Conservation Ordinance: We Are Currently In Stage 1

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Bottled Water Label Contest Winner

3rd Grader, Emily Garten of Rose Drive Elementary

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The Best in the Business

YLWD Tapping Team Takes First Place at OCWA
 
Imagine drilling into a ductile or cast iron pipe to install a tap. It’s no easy task. Now imagine doing it in less than two minutes... With no leaks! Leaks - that are a risk to Public Health and a waste of water. It’s a test of strength, skill, and speed.  Hot Tap Team 3
 
YLWD customers should take some solace in knowing that their water workers are some of the best in the business. In fact, this September the YLWD Tapping Team won the Orange County Water Association 2014 Pipe Tapping Contest. Competing against other water professionals from throughout the County, our team, consisting of Brian Vargas, Freddie Ojeda, Jorge Lopez and Edgar Araujo put up a time of 1:52 in the first round. It was the best time of the entire competition, until YLWD’s second round run, which came in even better at 1:44. It was a dominating performance with only one other team coming within ten seconds of their time.  
 
When you think about Public Safety, police officers and firefighters typically are the first professions that come to mind. Yet, water workers respond 24/7, 365 days a year delivering Public Health via your kitchen sink. Water is life. Without it everything comes to a halt.  
 
 pipetappersProviding safe, reliable water is a huge responsibility and Yorba Linda Water District takes great pride in our role in Public Health. The YLWD Tapping team is a great example of how serious we take our job, practicing on their own time, to fine tune their craft. That practice transfers over into their everyday work as they have become faster and smoother at tying in services. So when you see YLWD crews working diligently behind the scenes ensuring that every glass of tap water is of the highest quality, you should know they are also working efficiently. Efficiency that saves time and money  

Board Votes to Support Proposition 1

With the state in the midst of a water crisis, California voters will consider a $7.5 billion water bond this November. The Yorba Linda Water District Board of Directors voted unanimously to support the Water Bond, which will appear on the ballot as Proposition 1 - The Water Quality, Supply and Infrastructure Act of 2014. Prop 1 comes after five years of retooling in the Legislature.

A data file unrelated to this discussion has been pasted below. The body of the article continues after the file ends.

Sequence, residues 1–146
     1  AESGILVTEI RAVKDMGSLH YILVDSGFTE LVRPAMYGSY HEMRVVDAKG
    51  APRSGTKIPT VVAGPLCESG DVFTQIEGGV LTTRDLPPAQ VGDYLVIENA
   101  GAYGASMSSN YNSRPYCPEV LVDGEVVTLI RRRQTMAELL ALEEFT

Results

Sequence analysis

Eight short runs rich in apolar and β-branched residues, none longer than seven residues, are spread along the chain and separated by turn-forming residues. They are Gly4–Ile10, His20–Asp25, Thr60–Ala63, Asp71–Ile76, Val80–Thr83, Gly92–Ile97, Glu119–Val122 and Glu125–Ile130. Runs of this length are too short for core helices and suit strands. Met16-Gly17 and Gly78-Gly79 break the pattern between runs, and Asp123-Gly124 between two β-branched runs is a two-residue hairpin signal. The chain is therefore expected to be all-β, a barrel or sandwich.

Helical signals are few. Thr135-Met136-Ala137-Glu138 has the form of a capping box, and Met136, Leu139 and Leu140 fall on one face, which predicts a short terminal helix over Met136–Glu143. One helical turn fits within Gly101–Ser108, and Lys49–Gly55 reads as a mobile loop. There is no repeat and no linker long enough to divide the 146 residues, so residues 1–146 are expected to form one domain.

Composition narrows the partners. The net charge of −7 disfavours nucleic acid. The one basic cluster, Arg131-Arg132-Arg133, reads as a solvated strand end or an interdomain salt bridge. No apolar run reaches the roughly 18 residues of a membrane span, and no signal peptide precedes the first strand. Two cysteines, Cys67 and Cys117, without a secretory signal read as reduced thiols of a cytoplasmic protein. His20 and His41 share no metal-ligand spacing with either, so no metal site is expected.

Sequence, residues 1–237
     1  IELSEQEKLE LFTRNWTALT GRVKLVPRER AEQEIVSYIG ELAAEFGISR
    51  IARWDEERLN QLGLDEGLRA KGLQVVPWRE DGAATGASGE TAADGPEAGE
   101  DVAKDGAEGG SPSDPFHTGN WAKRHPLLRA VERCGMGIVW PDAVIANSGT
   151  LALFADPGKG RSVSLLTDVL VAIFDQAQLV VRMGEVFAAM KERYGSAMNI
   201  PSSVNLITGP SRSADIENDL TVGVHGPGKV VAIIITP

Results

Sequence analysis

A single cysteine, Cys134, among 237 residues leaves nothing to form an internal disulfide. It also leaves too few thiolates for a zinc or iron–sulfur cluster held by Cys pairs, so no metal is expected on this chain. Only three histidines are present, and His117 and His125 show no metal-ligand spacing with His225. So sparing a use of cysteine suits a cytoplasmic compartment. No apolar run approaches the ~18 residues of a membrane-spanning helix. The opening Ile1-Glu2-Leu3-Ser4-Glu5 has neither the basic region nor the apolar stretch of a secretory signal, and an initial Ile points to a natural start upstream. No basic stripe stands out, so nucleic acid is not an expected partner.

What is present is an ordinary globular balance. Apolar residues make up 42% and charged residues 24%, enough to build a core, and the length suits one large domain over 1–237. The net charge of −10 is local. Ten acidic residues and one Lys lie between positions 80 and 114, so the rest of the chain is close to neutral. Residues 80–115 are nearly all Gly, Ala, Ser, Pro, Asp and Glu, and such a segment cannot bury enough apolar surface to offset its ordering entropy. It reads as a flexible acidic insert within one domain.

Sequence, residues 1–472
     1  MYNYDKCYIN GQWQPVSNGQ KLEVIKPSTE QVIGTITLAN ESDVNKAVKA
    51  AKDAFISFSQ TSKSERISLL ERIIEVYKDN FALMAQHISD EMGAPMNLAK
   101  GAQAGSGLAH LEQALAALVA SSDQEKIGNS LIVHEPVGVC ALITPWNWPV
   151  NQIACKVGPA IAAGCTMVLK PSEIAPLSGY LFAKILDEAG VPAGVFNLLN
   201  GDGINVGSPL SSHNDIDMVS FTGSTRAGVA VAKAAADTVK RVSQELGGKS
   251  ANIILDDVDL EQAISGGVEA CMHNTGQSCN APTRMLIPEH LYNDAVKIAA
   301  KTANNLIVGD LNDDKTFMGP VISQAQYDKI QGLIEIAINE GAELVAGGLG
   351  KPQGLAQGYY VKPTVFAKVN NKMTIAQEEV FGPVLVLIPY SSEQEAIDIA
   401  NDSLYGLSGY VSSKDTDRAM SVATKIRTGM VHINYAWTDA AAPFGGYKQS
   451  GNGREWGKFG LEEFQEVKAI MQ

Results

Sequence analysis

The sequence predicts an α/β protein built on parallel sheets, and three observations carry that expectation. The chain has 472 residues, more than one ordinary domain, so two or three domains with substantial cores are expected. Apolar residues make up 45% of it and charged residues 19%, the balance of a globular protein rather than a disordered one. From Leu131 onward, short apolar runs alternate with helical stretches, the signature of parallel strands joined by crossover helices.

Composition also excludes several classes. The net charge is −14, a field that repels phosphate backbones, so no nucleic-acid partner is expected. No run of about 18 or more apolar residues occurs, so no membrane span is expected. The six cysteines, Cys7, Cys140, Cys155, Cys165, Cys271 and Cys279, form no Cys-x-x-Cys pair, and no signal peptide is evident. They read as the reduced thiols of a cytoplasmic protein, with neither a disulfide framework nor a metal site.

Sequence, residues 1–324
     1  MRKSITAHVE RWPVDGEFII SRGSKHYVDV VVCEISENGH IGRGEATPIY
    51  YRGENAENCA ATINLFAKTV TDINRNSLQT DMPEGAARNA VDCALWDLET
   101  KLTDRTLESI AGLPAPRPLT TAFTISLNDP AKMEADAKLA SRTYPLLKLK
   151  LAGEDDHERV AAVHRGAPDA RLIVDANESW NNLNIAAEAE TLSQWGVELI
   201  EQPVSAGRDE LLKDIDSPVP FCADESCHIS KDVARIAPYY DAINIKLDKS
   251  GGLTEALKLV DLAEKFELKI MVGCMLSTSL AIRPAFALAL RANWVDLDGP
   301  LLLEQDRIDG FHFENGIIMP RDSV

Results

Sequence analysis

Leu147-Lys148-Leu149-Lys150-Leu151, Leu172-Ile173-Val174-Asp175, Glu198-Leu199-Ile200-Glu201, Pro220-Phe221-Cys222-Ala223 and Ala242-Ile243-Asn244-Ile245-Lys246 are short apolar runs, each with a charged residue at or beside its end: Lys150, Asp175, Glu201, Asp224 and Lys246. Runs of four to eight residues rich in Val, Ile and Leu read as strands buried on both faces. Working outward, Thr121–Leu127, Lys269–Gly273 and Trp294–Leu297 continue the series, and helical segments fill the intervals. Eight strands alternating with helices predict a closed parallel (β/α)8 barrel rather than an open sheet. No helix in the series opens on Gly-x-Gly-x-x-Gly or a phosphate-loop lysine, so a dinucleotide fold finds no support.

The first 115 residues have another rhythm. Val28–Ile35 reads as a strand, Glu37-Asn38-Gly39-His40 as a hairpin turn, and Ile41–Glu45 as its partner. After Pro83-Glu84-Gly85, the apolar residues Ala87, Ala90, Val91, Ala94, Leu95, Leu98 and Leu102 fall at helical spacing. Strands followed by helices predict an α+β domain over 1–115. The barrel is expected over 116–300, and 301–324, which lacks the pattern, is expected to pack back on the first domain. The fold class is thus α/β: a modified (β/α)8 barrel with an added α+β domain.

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This bond, if approved, contains $7.1 billion of new debt and $425 million of repurposed bond funds previously approved by voters.

The big question… Where would the money go? The $7.5 billion dollar pie will be sliced several ways to provide funding for new much needed water storage projects, watershed protection, sustainable groundwater management and cleanup, water recycling – including desalination projects, water conservation and water use efficiency projects, statewide flood management, and safe drinking water.

It should be noted that Proposition 1 has nothing to do with the Bay Delta Conservation Plan, nor the much discussed Delta Tunnels. And while Prop 1 won’t help with the current drought, nor will it guarantee against water rationing during future droughts, the projects it would fund would provide a greater cushion when we find ourselves dealing with prolonged water shortages in the future.

District Receives Transparency Award of Excellence

CSDA AwardIn recognition of its efforts to promote transparency and good governance, Yorba Linda Water District (YLWD) has been awarded the District Transparency Certificate of Excellence by the Special District Leadership Foundation (SDLF).

“Public service and transparency should go hand-in-hand,” said YLWD Board President, Bob Kiley, who accepted the award on behalf of the District. “YLWD goes the extra mile to ensure that District business is open and clear to the public we serve and that information is easily and readily available to anyone who is interested.”

To be considered for the award a special district must demonstrate the completion of at least eight essential governance transparency requirements, including conducting ethics training for all board members, properly conducting open and public meetings, and filing financial transactions and compensation reports to the State Controller in a timely manner. YLWD also fulfilled fifteen website requirements including providing readily available information to the public including: board agendas, past minutes, current district budget and the most recent financial audit.   Finally, the District must demonstrate outreach to its constituents that engages the public in its governance through a regular direct newsletter and special community engagement project.

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Southern California’s Reservoir Levels